Documentary Features Live Action Movies

Fantastic Machine
(original title:
And the King Said,
What a Fantastic Machine)

Directors – Axel Danielson, Maximilien Van Aertryck – 2023 – Norway, Sweden, Denmark – Cert. 15 – 88m


An idiosyncratic history of moving image technology and its increasingly pervasive role in human society, from camera obscura to smartphones and social media – out in UK cinemas on Friday, April 19th

To understand what this movie is about, which I’m not sure I did going in, you have to understand its title. The fantastic machine in question is, in part, the camera. That might lead you to anticipate a history of photography, but that’s not quite what this is about. You’d be forgiven for believing that, though, for the first few minutes when we see a contemporary, on the street, walk-in exhibit of the camera obscura or pinhole camera, a natural optical phenomenon whereby light passes through a simple pinhole onto a surface or screen beyond to recreate an inverted image of where the light came from. As a visitor marvels of the resultant, real time moving image of people outside the exhibit walking around, “it’s upside down”. As a human guide to the exhibition explains, that’s how the human eye works. Our brains correct the upside down image so that appears the right way up.

It’s less than two centuries since 1828, when the first still photographic image was captured and fixed on a flat plane, on which it could later be displayed. Passing briefly over such developments as the decrease in exposure time – it wasn’t long before the period to capture an image had been whittled down to as little as ten minutes – the next stop on this highly selective, whistle-stop tour is mid-nineteenth century US photographer Edweard Muybridge who, spurred on by such questions as, when a horse gallops, do all four hooves leave the ground as any one time?, used the camera to record numerous studies of human and animal bodies in motion. His moving camera produced serial stills rather than moving images, but it’s a simple enough job using later moving picture technology to reshoot his stills and by a combination of animation and persistence of vision turn his photographic studies into film clips of moving images. The tour is selective, because at this point, it makes no mention whatsoever of Muybridge’s French rival Étienne-Jules Marey, the self-styled chrono-photographer.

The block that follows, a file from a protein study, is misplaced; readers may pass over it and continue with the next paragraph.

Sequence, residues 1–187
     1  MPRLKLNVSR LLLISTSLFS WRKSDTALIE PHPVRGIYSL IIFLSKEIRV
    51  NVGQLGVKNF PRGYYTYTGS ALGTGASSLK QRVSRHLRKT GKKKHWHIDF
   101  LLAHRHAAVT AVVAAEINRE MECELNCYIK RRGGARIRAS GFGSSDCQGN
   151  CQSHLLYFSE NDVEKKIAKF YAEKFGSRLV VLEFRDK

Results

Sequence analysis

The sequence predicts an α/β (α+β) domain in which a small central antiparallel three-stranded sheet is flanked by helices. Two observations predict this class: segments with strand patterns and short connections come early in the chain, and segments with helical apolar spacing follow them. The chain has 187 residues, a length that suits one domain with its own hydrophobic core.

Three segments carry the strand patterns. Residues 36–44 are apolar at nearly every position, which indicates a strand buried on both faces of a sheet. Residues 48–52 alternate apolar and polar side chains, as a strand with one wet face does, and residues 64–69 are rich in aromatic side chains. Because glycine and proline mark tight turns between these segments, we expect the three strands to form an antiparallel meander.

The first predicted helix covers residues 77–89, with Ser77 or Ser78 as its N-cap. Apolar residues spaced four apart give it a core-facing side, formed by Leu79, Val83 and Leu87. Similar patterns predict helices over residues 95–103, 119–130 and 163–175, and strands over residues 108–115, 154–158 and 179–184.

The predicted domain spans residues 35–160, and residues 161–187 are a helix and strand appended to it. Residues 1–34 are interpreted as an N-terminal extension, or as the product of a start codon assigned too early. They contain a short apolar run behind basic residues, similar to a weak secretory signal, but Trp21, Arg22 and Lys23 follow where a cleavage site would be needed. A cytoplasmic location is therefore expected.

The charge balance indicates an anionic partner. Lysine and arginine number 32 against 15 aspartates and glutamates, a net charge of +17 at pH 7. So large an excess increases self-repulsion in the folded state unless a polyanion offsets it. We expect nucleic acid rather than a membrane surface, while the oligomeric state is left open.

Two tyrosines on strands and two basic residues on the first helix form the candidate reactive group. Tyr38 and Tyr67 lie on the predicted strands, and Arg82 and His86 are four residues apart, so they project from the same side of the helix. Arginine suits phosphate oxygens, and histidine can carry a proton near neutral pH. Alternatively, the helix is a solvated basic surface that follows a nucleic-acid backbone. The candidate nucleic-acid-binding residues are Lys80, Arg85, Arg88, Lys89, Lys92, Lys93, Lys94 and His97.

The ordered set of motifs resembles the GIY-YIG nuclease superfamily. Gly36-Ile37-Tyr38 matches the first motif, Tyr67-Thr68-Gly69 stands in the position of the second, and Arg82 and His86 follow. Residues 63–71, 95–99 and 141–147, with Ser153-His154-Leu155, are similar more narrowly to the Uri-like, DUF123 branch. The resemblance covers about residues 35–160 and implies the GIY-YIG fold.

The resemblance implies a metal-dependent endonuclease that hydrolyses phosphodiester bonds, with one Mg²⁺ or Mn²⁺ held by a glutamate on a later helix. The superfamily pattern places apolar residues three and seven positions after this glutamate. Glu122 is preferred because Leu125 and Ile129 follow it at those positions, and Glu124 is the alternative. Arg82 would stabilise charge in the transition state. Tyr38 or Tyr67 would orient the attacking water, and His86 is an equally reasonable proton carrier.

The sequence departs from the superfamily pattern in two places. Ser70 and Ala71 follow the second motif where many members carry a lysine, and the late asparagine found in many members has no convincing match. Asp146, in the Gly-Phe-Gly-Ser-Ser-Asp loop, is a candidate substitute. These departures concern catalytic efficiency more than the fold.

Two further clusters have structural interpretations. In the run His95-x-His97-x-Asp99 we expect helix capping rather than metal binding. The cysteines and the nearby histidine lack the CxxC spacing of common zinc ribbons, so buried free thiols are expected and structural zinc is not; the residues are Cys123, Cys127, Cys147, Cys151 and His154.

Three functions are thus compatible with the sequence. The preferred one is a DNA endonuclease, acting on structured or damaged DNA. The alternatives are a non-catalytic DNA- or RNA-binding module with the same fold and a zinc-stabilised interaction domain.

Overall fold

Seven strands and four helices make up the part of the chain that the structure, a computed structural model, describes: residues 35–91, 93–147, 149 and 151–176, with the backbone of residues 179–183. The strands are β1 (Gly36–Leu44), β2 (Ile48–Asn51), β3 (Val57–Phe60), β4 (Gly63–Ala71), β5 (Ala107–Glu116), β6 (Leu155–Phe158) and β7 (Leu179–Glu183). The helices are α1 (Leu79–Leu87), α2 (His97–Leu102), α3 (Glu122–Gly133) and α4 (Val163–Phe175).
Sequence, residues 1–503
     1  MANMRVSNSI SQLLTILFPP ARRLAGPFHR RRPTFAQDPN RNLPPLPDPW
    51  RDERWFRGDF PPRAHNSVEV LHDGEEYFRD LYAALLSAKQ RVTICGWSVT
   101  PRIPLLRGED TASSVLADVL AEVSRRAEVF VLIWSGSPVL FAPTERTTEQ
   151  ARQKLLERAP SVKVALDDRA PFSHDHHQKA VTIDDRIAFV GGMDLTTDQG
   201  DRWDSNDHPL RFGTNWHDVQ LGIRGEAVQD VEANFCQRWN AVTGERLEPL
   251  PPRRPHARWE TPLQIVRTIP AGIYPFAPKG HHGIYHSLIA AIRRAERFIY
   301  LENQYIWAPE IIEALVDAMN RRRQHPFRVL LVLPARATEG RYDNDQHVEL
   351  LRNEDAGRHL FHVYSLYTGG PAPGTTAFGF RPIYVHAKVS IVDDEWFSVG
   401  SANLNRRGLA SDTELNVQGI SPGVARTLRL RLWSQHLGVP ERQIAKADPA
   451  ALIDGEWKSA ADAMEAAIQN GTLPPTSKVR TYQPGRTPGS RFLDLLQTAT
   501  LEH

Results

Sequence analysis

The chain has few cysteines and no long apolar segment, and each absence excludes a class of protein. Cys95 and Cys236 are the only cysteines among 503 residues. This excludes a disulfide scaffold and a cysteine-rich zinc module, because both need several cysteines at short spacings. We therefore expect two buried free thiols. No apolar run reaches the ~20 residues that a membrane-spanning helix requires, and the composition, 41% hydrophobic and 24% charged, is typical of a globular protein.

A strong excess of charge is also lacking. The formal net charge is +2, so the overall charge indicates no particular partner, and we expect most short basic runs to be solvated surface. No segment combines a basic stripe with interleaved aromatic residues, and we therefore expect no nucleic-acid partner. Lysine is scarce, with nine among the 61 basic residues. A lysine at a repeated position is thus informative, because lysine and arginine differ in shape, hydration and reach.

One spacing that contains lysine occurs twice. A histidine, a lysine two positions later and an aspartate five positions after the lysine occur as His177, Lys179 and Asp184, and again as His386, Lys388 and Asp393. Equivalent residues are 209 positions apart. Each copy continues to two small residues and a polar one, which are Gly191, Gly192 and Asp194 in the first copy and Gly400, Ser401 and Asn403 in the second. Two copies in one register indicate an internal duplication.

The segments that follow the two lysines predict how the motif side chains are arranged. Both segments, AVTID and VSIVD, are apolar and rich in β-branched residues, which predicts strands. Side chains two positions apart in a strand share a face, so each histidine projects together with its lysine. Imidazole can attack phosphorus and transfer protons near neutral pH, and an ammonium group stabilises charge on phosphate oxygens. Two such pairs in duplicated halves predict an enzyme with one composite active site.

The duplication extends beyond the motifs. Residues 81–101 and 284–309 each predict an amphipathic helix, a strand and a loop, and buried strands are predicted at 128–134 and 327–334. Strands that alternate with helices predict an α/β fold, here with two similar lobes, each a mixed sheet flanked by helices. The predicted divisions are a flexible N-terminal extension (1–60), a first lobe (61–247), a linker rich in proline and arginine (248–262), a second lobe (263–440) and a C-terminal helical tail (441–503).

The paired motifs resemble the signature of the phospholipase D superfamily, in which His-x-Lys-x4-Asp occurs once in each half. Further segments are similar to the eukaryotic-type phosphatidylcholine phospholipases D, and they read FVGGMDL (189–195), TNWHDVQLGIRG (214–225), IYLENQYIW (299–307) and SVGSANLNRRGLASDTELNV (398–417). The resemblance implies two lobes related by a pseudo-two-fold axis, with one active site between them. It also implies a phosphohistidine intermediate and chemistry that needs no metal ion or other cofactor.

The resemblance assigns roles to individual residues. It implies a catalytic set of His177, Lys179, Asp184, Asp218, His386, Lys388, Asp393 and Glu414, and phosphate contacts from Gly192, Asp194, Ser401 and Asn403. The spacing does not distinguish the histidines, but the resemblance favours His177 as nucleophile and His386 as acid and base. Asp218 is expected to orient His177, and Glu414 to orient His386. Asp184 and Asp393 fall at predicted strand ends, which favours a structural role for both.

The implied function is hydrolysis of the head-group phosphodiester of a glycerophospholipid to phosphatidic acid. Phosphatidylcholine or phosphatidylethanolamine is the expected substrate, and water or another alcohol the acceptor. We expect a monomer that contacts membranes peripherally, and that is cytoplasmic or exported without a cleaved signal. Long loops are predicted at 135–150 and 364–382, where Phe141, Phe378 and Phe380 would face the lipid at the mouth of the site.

The narrative moves swiftly on, bypassing numerous developments in photography and quite a few in cinematography to alight on two of the progenitors of cinema, the Lumière brothers and Georges Méliès, both from Paris, France. By now, it is becoming clearer what this movie is to some extent about, a history of the moving image. But that’s not exactly what it’s about either.

The Lumières, the piece notes, pioneered a successful business model for funding films whereby they would find a crowd, shoot it on film and then charge people for the privilege of watching a film of themselves in the crowd. All this had an element of showmanship about it; there was something magical about watching moving images of workers leaving a factory, or a train arriving at a station and passengers disembarking.

The more theatrical Méliès essentially staged plays for the moving camera. The narrative here doesn’t dwell on his more fantastical scenarios, instead looking at his recording of The Coronation of Edward VII (1902). Today, we would take cameras to the event and record (and broadcast) it live, but Méliès didn’t do that; rather, he re-staged the whole ceremony with actors in his Paris studio leaving the King to remark, on seeing the film, what a fantastic machine. The film contained things that hadn’t taken place in the ceremony, something which particularly impressed the King. Curiously, The film omits to mention that today we would refer to this as ‘fake news’. It perhaps fits equally readily into the notion of fantasy, of which cinematic genre Méliès is rightly considered a pioneer.